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GGFR to evolve to the Global Flaring & Methane Reduction Partnership


At COP28 the World Bank launched the Global Flaring and Methane Reduction (GFMR) Partnership, a new multi-donor trust fund focused on helping developing countries cut carbon dioxide and methane emissions generated by the oil and gas industry.

GFMR will provide more than $250 million and mobilize billions from the private sector to support those countries with the least capacity and resources to address these emissions. The partnership will focus on providing grant funding, technical assistance, policy and regulatory reform advisory services, institutional strengthening, and mobilizing financing to support action by governments and operators.

Oil and gas operations alone contribute nearly a fifth of global methane emissions from human activity. About half of these emissions occur in developing countries. Taking quick and decisive action on these emissions could avoid as much as 0.1 degrees C of warming by mid-century—equivalent to zeroing out the emissions of every car and truck in the world.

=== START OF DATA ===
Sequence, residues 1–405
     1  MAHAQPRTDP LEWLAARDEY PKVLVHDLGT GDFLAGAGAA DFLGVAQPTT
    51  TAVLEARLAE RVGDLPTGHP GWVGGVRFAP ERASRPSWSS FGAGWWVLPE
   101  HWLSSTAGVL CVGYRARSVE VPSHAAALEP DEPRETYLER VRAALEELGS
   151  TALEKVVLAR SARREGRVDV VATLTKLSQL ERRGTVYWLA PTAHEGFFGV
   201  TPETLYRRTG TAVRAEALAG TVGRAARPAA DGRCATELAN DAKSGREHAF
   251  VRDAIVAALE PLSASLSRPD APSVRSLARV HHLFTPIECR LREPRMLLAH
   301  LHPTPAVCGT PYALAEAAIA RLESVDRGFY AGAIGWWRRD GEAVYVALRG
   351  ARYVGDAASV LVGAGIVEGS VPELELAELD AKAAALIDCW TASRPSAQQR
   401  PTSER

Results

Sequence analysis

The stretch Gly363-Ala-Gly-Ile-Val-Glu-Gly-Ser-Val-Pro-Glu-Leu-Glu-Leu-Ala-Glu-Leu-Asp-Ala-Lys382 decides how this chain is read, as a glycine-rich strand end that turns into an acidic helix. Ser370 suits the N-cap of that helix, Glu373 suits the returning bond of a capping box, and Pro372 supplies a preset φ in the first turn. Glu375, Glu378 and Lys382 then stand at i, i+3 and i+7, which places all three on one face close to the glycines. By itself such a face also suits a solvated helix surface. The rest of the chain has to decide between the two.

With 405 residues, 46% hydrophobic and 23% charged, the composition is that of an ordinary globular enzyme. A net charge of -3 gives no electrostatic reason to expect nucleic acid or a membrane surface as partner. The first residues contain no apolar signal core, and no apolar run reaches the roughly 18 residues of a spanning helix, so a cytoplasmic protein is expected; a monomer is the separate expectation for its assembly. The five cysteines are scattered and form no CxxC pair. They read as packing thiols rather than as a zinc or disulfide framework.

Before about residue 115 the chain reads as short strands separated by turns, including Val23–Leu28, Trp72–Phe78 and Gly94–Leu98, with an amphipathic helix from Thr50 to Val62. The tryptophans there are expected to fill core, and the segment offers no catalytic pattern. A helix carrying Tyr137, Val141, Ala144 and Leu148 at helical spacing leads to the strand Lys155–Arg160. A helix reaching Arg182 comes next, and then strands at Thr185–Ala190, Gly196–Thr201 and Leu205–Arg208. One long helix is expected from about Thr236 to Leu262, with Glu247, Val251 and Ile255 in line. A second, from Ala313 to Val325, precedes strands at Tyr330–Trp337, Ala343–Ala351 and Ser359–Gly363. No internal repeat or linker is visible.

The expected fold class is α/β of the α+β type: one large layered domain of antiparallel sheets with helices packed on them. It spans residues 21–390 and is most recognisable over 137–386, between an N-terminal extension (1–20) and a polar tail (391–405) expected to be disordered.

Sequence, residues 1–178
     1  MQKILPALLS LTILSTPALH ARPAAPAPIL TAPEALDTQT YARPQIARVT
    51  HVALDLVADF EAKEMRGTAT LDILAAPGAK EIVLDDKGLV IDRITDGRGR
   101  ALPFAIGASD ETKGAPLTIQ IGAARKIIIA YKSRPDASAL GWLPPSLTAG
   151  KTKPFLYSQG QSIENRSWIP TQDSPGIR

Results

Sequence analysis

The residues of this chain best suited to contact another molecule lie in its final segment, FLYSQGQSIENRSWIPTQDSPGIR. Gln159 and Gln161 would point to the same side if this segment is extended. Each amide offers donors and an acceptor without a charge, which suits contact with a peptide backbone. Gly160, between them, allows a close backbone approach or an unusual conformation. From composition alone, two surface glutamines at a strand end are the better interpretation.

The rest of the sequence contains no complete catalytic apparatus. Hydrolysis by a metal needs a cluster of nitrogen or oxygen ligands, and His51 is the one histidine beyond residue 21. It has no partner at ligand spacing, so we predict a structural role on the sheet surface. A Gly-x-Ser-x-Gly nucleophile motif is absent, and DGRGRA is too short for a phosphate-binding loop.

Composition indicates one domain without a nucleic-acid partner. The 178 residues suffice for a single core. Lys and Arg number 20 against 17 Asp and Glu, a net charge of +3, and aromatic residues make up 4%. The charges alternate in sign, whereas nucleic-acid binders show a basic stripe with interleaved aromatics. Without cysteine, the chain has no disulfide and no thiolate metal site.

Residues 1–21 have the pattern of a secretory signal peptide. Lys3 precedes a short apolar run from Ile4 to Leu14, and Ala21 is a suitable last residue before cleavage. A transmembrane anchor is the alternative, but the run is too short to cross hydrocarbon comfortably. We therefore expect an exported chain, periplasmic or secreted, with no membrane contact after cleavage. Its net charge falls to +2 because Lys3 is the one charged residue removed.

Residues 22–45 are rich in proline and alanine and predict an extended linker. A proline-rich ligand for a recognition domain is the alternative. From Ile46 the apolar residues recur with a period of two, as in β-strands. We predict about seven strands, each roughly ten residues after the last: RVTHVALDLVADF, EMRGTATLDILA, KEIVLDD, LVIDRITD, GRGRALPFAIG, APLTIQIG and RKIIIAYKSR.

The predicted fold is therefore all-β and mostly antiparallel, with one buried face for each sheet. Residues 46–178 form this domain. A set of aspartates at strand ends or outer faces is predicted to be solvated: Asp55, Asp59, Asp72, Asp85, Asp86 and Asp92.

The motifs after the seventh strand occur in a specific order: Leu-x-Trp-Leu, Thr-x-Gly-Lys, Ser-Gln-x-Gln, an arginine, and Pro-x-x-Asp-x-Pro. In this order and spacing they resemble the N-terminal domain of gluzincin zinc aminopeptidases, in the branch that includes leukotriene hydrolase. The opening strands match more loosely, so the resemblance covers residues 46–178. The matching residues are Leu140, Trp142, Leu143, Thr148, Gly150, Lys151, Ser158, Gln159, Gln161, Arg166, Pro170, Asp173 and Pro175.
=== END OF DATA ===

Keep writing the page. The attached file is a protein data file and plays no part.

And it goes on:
Methane is a potent greenhouse gas with a global warming potential up to 80 times greater than carbon dioxide. The rapid reduction of methane emissions is one of the most important short-term climate actions, as it only remains in the atmosphere for around a decade. Methane mitigation, however, only receives a fraction of climate finance.

GFMR will establish eligibility criteria so that support drives long term emissions reduction projects and initiatives. For example, access to project development and financing support through GFMR will be subject to a commitment to

  1. measure and report emissions through the Oil and Gas Methane Partnership 2.0 framework,
  2. achieve near-zero absolute methane emissions by 2030 by reducing methane intensity to below 0.2%, and
  3. achieve zero routine flaring by 2030.

The GFMR Partnership is composed of governments, companies, and multilateral organizations committed to ending routine flaring at oil production sites across the world and reducing methane emissions to the greatest extent possible along the entire oil and gas value chain.

The Partnership has secured funding commitments from several governments, including Germany, Norway, the United States, and the UAE; and several international oil companies, including BP, Eni, Equinor, Oxy, Shell, and TotalEnergies.

For the last two decades GGFR provided technical advice and support to help developing countries end routine gas flaring, which is a significant source of carbon dioxide emissions. The new GFMR Partnership will build on this legacy and expand the World Bank’s efforts to decarbonize the global energy system.